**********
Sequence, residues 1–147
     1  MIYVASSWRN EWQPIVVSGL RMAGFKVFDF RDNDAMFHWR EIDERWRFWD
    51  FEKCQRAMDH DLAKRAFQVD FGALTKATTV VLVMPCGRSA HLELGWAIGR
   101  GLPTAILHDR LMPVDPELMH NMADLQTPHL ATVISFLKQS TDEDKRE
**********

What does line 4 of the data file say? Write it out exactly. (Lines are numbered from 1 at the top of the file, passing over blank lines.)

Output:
   101  GLPTAILHDR LMPVDPELMH NMADLQTPHL ATVISFLKQS TDEDKRE